It's hard to learn another alphabet, (I know, I learned English,) But Russian is a dying language. We need more speakers, especially from people who decended from the Slavic bloodline. Also it would be most wonderful to be able to have a conversation with your Grandparents in the language they're most comfortable with. Good luck :)
My family also comes from Russia, I speak it fluently (thanks God I never had to learn it because it's difficult ^^), but anyway if even if it's difficult you should learn it
-For your family, to communicate with them
-For yourself, we lack of people who speak foreign languages in America, and Russia is a growing economy, speaking it fluently would be a very good thing for you
I began learning Russian after I made several Russian friends at a previous job. The process of learning a new language challenges and stimulates your mind in such a beneficial way, and it is such a great feeling to apply what you've learned to communicate with someone who you would otherwise have no ability to interact with. Russian is a very interesting language, and I have had very much fun with it. If you intend to learn it without participating in a class, I highly suggest Rosetta Stone. The Level 1 Russian is under $200, and the method in which it teaches you make it quite easy to retain what you are learning. In any case, have fun!
Go for it. Learn Russian. There are many reasons:
1. Talk with your Grandparents (assuming their Russian is up to par. Not everyone who knows a Slavic language necessarily will understand Russian...But as grandparents, they likely studied Russian at some point.)
2. With plenty of oil money, Russia is a growing economy. Think of that little phrase on your resume: Speaks Russian fluently.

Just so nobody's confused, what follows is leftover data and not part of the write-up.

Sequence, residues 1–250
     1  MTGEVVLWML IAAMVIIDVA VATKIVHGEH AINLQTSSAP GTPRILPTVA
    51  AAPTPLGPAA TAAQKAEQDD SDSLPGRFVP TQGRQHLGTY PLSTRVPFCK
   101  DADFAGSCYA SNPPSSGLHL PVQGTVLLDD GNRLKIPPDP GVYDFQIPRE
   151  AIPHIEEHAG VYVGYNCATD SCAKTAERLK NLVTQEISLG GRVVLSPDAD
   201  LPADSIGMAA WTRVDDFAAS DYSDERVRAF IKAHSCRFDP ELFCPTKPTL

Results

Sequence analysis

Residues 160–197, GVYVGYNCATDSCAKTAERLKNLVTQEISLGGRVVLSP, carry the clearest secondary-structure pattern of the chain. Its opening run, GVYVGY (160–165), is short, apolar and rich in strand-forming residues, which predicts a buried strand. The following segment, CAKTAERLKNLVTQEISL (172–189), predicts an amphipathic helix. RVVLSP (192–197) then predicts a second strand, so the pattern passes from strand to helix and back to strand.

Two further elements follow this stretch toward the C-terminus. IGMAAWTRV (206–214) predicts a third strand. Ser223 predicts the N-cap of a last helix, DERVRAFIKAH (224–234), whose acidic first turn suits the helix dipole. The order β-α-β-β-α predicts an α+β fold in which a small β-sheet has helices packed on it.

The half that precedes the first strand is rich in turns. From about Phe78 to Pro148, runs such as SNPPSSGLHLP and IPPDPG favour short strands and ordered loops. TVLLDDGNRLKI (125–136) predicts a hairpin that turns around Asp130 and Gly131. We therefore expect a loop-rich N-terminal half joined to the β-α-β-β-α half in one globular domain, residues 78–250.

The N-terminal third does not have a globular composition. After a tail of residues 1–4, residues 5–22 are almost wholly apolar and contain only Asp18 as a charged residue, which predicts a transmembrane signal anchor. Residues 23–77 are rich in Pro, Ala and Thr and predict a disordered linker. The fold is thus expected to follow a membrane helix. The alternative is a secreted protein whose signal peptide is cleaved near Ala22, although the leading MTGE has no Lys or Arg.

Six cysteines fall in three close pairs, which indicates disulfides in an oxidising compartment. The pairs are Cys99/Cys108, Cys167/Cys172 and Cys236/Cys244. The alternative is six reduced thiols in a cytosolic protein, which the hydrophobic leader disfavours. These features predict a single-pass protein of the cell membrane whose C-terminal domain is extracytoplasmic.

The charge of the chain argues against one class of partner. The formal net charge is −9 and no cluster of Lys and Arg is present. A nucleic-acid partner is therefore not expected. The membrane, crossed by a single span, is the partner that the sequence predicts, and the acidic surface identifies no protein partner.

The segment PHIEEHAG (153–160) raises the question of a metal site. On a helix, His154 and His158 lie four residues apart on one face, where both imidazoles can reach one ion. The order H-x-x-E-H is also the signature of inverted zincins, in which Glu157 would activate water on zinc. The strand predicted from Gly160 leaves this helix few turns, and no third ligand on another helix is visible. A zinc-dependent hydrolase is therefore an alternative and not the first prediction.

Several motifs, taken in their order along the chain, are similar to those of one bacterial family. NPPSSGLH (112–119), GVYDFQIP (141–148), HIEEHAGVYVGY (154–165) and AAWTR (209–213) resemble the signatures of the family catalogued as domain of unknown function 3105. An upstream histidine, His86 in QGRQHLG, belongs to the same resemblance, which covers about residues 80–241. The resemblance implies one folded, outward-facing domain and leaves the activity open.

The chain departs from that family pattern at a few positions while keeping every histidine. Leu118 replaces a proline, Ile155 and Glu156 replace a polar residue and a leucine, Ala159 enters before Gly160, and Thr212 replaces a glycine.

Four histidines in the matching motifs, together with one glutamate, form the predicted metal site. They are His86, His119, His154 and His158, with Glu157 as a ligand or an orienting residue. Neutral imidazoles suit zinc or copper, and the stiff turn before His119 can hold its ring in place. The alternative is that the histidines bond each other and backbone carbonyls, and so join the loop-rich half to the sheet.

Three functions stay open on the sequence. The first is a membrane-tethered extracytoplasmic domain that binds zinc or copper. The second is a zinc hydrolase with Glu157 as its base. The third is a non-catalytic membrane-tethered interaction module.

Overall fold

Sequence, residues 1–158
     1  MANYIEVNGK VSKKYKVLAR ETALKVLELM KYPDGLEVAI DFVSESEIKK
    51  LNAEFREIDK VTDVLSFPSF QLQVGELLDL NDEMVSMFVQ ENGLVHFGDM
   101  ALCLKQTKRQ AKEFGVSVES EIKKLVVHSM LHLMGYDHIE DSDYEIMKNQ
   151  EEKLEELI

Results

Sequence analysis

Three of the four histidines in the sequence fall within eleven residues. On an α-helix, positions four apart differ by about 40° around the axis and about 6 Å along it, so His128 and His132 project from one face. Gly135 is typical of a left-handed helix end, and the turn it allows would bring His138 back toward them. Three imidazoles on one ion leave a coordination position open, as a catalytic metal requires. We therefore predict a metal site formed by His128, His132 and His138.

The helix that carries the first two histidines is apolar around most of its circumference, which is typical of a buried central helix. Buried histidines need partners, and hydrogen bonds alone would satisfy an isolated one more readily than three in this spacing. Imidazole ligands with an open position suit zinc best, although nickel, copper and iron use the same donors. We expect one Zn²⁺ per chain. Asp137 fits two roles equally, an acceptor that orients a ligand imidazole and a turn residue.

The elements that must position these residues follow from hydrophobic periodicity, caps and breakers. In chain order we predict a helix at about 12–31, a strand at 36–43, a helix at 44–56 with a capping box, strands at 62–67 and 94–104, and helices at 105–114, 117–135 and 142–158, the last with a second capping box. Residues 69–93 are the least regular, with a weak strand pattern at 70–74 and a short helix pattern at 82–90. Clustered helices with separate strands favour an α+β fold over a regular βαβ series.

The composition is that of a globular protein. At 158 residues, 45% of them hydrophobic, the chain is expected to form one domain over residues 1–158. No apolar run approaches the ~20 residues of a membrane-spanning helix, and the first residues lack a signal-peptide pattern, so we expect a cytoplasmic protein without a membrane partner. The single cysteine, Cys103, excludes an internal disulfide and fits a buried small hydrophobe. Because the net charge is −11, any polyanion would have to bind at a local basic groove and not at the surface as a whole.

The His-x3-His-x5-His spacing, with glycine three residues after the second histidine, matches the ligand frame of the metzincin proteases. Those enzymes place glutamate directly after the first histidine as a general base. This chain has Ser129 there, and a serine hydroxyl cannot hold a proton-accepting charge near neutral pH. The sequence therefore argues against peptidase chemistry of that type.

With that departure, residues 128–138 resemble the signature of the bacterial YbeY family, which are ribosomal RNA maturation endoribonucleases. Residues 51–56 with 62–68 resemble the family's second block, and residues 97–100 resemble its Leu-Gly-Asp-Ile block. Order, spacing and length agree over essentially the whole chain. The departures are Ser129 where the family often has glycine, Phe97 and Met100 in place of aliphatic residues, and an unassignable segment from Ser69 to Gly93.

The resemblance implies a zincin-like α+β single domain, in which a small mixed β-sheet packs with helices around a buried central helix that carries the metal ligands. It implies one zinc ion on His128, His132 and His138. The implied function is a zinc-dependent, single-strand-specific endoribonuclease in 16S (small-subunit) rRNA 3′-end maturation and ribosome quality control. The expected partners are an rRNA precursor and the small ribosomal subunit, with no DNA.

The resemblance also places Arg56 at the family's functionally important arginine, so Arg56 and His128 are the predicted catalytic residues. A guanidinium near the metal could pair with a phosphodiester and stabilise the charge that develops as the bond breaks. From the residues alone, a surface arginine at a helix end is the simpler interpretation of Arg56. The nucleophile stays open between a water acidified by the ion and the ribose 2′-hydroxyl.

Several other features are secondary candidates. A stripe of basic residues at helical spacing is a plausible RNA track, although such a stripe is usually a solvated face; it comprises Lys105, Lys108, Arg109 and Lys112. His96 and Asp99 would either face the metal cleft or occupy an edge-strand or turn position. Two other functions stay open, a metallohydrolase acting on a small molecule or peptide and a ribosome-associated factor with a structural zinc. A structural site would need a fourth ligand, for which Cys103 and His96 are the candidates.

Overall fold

3. With a grammar system based on rhyming. Russian is a beautiful language to speak and read.
For a free podcast to get started, check out:
You can NEVER go wrong learning a language.
Because of the impact of the Soviet Union being run in the Russian language, there are a lot of non-Russians who speak Russian. Eastern Europe, the Baltic states, and much of central Asia have Russian-speaking populations. That means that travel and business opportunities, and twentieth century documentation regarding politics, art, and history in those regions will be accessible to you as a Russian speaker.
More to the point, the language sounds beautiful; the Cyrillic alphabet is totally cool, and so few Americans speak it that it will make you stand out as a scholar and an American. My wife took Russian at SMU, and she loved it.
Knowing another language is always a useful skill to have.
In addition, the benefits of being able to connect with an older generation are almost limitless. Many consider their grandparents old, decrepit, and boring people who just like to talk and talk. That could not be further from the truth. Having live and learned, they probably have a wealth of information to share with you about life.
Plus, they'll appreciate that you took the time to learn a language in order to connect with.
Go for it, buddy!